Scott from Yellowbeak pointed me in the direction of this great video of Chuck Eldridge/Tattoo Archive from the folks at Paint & Paper Films. It’s always a treat to hear Chuck talking about tattoo history; particularly the history of North Carolina tattooing.
Scanned from a 3×5 print dating back to approximately 1986, this photo features Gary, Indiana’s Debra Cooper with tattooing by Royboy. I’ve sorted through stacks of pictures taken at this convention and with about 10 more in queue to scan I have yet to find a single photo that makes reference as to where it was hosted but I’m thinking Tennessee based on nothing more than an educated guess. Either way- any time I come across photos of Debra I make it a policy to post it.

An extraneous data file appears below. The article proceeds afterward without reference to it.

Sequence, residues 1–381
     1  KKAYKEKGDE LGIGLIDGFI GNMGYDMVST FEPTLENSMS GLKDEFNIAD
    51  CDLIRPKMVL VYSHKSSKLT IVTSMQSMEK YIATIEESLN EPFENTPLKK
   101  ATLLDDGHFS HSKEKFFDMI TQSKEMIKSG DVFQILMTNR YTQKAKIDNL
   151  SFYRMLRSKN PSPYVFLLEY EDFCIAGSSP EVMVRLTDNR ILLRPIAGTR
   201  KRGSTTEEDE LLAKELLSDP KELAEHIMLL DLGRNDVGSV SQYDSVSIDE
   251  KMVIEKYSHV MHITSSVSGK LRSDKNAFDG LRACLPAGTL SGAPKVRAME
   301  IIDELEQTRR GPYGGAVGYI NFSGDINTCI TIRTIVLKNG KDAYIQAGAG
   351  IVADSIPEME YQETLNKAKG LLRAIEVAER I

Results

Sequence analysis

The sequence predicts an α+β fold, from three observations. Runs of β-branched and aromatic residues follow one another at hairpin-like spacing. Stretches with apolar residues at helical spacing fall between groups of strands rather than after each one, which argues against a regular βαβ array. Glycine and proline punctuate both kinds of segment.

Donald Edward Talbot Hardy was born on 6th January, 1945.
Almost his entire life has been devoted to tattooing. Happy birthday, Ed!
This photo, scanned from a 3″x5″ print, dates back to the 1970s and features Ed tattooing a unicorn on his client’s hand.
I hate that, to most people, the name Ed Hardy is synonymous with heavily cologned, spraytanned douchebags who hang out on the Jersey shore or at overpriced bars with stabbing problems. I prepare myself, every time I bring him up to non-tattooed friends, for the onslaught of easy jokes and snide comments about the t-shirts and hats and Valentine’s cards and perfumes that were adorned with his name/artwork during the Audigier years.
What we’re concerned about here at OV is his legacy as a tattooer; the artists he inspired with his work and with the Tattoo Time book series and that when you look at a 35+ year old photo of a ‘golden era’ Hardy tattoo you still think “man that’s cool.”